Seven Tips for Buying Coins and Currency
Coin collecting is popular for many reasons: they are fascinating pieces of history that can be held in one's hand; real-life treasures to be sought after and found; tokens of memories and good times past; potential financial investments and more.
Unfortunately, there are occasional pitfalls, simple mistakes and scams collectors might fall prey to. To avoid making an error and potentially costing yourself a lot of money, it’s important to be an informed consumer. Read on to explore seven basic tips for purchasing coins to build your collection.
1. Know what you're buying and what it's worth.
Before buying anything, you need to be familiar with the coin that you're interested in purchasing. Find and study as many different examples as you can, and examine how they’re graded. You want to be able to distinguish if a coin has been cleaned or has any inconsistencies to indicate it may be counterfeit. In addition, it's always wise to consult a reference book – there are general references, like the Red Book, as well as specialized books on most series. As the saying goes, “Buy the book before the coin.”
It's also important to understand the value of your potential purchase to avoid spending more than a coin is worth. Familiarize yourself with recent auction prices and decide what you believe it’s worth in the current conditions. You may very well be willing to pay a little above the market value for the perfect coin, but it’s important to realize you may have trouble reselling it at a profit if you do so.
2. Know the varieties.
In a lot of cases, common dates of a coin will have rare varieties that aren’t as well-known. Even if you aren’t looking for one of these varieties, familiarize yourself with them and learn how to identify them.
For example, an 1858/7 flying eagle looks like a standard 1858 if you don’t know what you’re looking for, but is worth around four times as much, depending on the grade. If you find one unattributed, you can snag a great deal, or even resell it with attribution for a tidy profit.
3. Visit your local coin shop.
Coin shops are more prevalent than one might initially suspect. And if you live in a reasonably large city, there will likely be a few coin shops to pick from. Make an effort to visit each of them to see which businesses carry the kinds of coins you’re looking for. Shopping local can be a great way to find some good deals that may not be available online, and it will give you the opportunity to form valuable and rewarding relationships with dealers. Once they know you and what you’re collecting, they can help keep an eye out for pieces you may want. Get a head start by finding local dealers in your area with the ANA's Coin Dealer Directory.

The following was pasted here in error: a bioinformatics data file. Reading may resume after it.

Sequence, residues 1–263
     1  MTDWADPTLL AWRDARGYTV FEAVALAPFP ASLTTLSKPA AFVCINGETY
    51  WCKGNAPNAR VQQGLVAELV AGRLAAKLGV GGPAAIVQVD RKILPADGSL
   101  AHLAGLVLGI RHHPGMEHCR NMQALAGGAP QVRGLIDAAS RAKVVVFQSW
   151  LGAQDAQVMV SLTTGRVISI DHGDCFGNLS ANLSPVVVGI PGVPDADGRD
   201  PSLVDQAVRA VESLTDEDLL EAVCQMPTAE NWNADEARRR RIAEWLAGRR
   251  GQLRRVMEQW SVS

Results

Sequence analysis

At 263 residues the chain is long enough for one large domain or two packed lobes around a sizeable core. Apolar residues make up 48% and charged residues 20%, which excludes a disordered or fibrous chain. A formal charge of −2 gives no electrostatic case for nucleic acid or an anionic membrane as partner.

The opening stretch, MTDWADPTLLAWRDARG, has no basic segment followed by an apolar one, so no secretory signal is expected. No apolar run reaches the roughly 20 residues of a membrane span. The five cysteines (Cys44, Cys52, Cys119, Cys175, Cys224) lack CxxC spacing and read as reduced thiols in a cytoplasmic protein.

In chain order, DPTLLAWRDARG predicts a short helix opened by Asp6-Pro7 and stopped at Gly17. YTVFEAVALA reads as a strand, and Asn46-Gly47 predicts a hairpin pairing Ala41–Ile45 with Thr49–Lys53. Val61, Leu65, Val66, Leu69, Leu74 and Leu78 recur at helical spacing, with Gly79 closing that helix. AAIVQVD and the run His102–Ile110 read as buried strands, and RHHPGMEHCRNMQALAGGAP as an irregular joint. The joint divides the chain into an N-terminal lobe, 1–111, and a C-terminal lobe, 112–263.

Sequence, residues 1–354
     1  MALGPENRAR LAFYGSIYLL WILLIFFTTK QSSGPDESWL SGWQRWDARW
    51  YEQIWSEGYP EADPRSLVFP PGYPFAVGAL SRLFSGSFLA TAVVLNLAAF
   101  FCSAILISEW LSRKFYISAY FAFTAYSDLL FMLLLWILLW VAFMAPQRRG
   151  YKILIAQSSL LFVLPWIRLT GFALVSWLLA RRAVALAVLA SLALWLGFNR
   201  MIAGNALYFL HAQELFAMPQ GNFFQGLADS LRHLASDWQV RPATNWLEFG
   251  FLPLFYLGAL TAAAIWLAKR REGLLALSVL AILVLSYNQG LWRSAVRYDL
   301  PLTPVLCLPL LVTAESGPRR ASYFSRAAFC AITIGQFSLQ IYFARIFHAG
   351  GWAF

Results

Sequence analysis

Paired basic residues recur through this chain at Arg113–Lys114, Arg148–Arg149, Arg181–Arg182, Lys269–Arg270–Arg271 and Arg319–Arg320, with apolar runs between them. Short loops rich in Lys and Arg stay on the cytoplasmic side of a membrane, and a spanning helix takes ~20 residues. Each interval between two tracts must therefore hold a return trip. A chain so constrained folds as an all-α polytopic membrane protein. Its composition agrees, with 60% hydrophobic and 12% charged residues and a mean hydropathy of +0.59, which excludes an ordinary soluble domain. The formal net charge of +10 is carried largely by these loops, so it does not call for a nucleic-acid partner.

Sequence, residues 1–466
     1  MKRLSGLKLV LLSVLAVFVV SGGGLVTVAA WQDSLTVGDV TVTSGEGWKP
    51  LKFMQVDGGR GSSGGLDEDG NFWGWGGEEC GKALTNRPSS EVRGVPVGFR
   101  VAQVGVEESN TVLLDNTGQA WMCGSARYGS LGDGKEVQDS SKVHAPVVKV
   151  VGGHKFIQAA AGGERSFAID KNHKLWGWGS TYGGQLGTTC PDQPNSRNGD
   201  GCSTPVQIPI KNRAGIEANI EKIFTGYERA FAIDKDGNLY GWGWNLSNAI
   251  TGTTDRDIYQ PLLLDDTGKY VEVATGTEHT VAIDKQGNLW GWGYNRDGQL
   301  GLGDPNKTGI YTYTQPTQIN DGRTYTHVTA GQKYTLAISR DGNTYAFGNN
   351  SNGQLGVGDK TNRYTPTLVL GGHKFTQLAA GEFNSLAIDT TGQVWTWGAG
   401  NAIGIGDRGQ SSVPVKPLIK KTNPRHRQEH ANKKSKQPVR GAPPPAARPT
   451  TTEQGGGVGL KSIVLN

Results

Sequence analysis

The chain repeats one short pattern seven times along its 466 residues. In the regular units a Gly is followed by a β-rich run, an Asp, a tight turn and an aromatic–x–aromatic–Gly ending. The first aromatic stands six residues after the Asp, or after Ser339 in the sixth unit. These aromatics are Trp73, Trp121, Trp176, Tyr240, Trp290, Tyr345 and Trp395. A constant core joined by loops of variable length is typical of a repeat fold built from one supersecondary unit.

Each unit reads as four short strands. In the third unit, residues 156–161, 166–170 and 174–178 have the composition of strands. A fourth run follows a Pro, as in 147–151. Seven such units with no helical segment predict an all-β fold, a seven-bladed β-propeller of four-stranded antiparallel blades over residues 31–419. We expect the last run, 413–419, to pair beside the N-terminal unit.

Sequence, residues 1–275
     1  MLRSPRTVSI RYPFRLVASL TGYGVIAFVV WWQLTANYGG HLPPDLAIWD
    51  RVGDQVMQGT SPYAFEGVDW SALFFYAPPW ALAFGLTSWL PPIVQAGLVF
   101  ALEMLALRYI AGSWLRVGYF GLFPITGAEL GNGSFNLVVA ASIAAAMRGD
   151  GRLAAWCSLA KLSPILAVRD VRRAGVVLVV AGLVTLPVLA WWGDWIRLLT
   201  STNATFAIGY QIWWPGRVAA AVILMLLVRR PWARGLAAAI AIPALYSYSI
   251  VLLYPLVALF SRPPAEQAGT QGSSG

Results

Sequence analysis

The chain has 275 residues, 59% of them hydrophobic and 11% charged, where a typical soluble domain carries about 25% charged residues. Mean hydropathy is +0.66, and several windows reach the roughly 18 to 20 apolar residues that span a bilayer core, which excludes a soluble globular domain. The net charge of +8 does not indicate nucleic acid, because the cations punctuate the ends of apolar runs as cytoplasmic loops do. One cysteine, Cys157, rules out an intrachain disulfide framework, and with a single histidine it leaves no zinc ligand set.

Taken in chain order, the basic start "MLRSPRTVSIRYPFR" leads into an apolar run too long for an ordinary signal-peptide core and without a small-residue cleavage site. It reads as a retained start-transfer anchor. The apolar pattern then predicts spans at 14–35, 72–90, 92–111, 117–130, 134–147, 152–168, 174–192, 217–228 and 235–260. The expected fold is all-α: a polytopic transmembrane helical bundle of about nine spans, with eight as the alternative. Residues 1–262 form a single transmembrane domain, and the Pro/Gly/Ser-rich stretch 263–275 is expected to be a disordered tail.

4. Attend coin shows.
There are coin shows of all different sizes across the country, ranging from small local shows to national conventions with hundreds of dealers.
Attending a local show can be a great way to get your feet wet and provides an opportunity to connect with fellow collectors in your area.
And large shows, like the ANA's National Money Show® and World’s Fair of Money®, allow attendees to engage with the collecting community on a number of additional levels, providing opportunities to meet legends of the hobby; participate in live auctions, lectures and seminars; view multi-million dollar rare coin exhibits; and more. One can spend a few days completely immersed in numismatics while enjoying access to hundreds of dealers and thousands of collectors.
5. Participate in an auction.
There are multiple large and highly credible numismatic auction houses that offer purchasing options that might remove some of the guesswork from coin-buying. When buying from a reputable and well-established auction company, you can be relatively sure that the coins you’re buying are genuine and original. Almost all major U.S. auction houses will have U.S. coins graded by NGC® or PCGS® prior to auction, giving you an added guarantee of authenticity.
6. Shop eBay.
eBay has a virtual smorgasbord of coins for sale. If the piece you’re looking for is worth less than $1,000 or so, there's a decent chance it could be found there. The rarest coins tend to make their way to major auction houses, but common dates are abundant on eBay. One should, however, exercise caution when buying on eBay. While many sellers are forthcoming and legitimate, there are potential risks in regard to counterfeits, mislabeled auctions, and coins with unmentioned problems like a cleaning. This is where knowing your stuff is incredibly important. [Visit the ANA Money Museum's eBay Auction page here.]
7. Explore social media.
Never doubt the power of the internet. Thousands of coins have been sold over social media platforms like Facebook, Instagram, and Reddit. As always, you’ll want to keep an eye out for potential scams or unreliable sellers, but there are plenty of reputable vest pocket dealers that use these platforms. And, social media also gives you the chance to form relationships with dealers across the country.
We hope these tips help answer some questions and inform readers on a few of the different places that coins and currency can be found. To learn more about consumer protection, visit the Consumer Awareness Resources page at money.org.
Thanks for reading, and as always, Happy Collecting!
About the American Numismatic Association
The American Numismatic Association (ANA) is a nonprofit organization dedicated to educating and encouraging people to study and collect coins and related items.
The ANA helps the collecting community and general public discover and explore the world of money through its vast array of educational programs including its museum, library, publications, conventions and numismatic seminars and webinars.